or its sway.

APPENDIX.

A, p. 29.
DECLARATION OF INDEPENDENCE.

In Congress, July 4, 1776. When, in the course of human events, it becomes neces sary for one people to dissolve the political bands which have connected them with another, and to assume, among the powers of the earth, the separate and equal station to which the laws of nature and of nature's God entitle them, decent respect to the opinions of mankind requires that they should declare the causes which impel them to the separation.

We hold these truths to be self-evident: that all men are created equal; that they are endowed by their Creator with certain unalienable rights; that among these are life, liberty, and the pursuit of happiness; that to secure these rights, governments are instituted among men, deriving their just powers from the consent of the governed ; that whenever any form of government becomes destructive of these ends, it is the right of the people to alter or to abolish it, and to institute a new government, laying its foundation on such principles, and organizing its powers in such form, as to them shall seem most likely to effect their safety and happiness. Prudence, indeed, will dictate that governments long established should not be changed for light and transient causes; and, accordingly, all experience hath shown that mankind are more disposed to suffer, while evils are sufferable, than to right themselves by abolishing the forms to which they are accustomed. But when a long train of abuses and usurpations, pursuing invariably the same object, ovinces a design to reduce them under absolute despotism, it is their right, it is their duty, to throw off such government, and to provide new guards for their future security. Such has been the patient sufferance of these colonies, and such is now the necessity which constrains them to alter their former systems of government. The history of the present King o, Great Britain is a history of repeated inju.

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ries and usurpations, all having in direct object the establishment of an absolute tyranny over these states. To prove this, let facts be submitted to a candid world.

He has refused his assent to laws the most wholesome and necessary for the public good.

He has forbidden his governors to pass laws of immediate and pressing importance, unless suspended in their operation till his assent should be obtained ; and when so suspended, he has utterly neglected to attend to them.

He has refused to pass other laws for the accommodation of large districts of people, unless those people would relinquish the right of representation in the Legislature; a right inestimable to them, and formidable to tyrants only.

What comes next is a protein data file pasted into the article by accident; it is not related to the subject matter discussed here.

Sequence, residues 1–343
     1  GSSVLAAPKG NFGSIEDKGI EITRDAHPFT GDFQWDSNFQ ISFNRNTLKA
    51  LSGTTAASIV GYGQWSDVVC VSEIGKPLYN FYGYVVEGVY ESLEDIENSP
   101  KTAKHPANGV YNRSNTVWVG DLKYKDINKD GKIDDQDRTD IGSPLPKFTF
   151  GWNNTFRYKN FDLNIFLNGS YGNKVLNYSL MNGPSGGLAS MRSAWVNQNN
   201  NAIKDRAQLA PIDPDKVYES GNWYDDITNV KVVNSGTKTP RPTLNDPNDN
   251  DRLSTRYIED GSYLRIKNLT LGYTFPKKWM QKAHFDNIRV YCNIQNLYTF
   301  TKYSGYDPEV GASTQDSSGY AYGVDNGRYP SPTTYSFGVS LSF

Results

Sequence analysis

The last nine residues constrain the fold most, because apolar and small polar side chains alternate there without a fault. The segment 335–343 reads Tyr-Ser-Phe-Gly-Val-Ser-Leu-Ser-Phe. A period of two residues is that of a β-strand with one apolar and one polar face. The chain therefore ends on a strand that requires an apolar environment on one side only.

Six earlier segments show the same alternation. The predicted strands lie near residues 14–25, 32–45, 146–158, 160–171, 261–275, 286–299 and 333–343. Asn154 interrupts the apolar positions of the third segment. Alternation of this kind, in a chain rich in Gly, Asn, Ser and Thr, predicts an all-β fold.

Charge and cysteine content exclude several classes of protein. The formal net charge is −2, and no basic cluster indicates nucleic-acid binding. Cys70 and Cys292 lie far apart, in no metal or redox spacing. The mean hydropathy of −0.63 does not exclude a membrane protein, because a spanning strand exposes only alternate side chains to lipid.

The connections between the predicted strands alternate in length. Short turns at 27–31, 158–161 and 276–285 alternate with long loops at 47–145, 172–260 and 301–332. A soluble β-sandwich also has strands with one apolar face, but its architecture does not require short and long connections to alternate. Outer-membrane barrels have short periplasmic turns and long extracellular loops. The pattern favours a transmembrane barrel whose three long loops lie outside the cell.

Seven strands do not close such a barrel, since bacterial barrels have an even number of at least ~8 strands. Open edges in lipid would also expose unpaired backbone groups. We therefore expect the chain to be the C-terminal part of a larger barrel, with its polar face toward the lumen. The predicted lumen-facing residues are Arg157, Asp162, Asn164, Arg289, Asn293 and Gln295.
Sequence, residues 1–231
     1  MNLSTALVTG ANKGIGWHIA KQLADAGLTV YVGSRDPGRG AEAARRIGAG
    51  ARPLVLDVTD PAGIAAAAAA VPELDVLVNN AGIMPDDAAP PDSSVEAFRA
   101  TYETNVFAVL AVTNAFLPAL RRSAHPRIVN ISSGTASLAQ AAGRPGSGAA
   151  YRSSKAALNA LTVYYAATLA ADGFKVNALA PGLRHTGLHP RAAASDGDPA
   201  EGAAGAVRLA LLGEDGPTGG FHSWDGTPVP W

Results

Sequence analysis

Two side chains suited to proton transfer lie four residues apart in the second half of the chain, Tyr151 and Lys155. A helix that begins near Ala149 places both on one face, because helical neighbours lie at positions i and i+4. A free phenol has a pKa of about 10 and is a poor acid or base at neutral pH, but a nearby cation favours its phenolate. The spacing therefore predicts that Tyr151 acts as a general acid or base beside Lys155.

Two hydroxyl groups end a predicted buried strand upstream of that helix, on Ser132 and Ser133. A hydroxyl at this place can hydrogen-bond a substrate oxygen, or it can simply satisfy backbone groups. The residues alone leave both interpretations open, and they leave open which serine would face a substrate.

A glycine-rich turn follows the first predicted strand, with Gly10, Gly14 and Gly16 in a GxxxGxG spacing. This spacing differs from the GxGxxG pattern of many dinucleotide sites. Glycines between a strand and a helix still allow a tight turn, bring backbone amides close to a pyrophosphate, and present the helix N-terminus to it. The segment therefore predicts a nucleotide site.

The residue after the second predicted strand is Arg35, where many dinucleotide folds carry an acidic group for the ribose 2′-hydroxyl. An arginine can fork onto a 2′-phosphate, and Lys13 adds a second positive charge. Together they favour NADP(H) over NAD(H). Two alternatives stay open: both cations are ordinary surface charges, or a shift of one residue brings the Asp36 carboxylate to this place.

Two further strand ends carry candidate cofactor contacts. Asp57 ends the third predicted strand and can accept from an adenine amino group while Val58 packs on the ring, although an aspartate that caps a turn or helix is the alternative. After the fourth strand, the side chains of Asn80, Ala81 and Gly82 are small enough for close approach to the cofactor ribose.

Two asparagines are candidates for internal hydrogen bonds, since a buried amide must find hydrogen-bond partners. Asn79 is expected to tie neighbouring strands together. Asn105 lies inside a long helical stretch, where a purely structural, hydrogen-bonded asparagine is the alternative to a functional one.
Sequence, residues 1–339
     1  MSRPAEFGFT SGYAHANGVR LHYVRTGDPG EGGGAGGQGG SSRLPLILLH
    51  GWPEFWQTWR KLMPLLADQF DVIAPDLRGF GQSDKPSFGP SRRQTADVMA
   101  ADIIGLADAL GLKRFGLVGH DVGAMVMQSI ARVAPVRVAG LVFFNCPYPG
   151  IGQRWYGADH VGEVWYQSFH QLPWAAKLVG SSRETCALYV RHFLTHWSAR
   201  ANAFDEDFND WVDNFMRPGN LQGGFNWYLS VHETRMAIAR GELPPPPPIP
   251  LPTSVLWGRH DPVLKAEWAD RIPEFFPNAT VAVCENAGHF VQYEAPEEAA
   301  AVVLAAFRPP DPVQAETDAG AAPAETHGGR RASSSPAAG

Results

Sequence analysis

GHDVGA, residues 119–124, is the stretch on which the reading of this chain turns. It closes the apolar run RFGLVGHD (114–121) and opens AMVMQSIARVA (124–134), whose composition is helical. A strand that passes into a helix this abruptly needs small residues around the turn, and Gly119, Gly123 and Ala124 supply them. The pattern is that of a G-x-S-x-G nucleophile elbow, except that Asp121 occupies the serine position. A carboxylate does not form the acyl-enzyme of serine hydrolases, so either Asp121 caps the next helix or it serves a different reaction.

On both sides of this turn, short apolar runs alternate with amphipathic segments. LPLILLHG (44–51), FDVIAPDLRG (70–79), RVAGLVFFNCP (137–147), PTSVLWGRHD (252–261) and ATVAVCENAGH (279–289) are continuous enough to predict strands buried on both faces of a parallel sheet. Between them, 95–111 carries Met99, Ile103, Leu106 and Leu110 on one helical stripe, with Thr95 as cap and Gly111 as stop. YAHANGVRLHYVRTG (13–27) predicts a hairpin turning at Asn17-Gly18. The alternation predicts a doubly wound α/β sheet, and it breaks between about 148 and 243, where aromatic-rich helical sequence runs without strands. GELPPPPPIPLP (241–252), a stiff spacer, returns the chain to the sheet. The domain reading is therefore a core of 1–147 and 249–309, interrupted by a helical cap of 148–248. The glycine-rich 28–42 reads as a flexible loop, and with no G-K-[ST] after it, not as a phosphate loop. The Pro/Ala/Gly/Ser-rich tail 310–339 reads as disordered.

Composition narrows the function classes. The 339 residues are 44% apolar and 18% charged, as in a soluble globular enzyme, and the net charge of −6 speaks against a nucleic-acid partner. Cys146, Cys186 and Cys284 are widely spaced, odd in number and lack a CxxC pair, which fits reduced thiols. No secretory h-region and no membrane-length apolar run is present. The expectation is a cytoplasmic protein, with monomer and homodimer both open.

He has called together legislative bodies at places unusual, uncomfortable, and distant from the depository of their public records, for the sole purpose of fatiguing them into compliance with his measures.

He has dissolved representative houses repeatedly, for opposing, with manly firmness, his invasions on the rights of the people.

He has refused for a long time, after such dissolutions, to cause others to be elected; whereby the legislative powers, incapable of annihilation, have returned to the people at large for their exercise; the state remaining, in the mean time, exposed to all the dangers of invasion from without, and convulsions within.

He has endeavoured to prevent the population of these states; for that purpose obstructing the laws for naturalization of foreigners ; refusing to pass others to encourage their migrations hither, and raising the conditions of new appropriations of lands.

He has obstructed the administration of justice, by refu. sing his assent to laws for establishing judiciary powers.

He has made judges dependant on his will alone for the tenure of their offices, and the amount and payment of their salaries.

He has erected a multitude of new offices, and sent hither swarms of officers, to harass our people and eat out their substance.

He has kept among us, in times of peace, standing armies, without the consent of our legislatures.

He has affected to render the military independent of, and superior to, the civil power.

He has combined with others to subject us to a jurisdiction foreign to our Constitution, and unacknowledged by our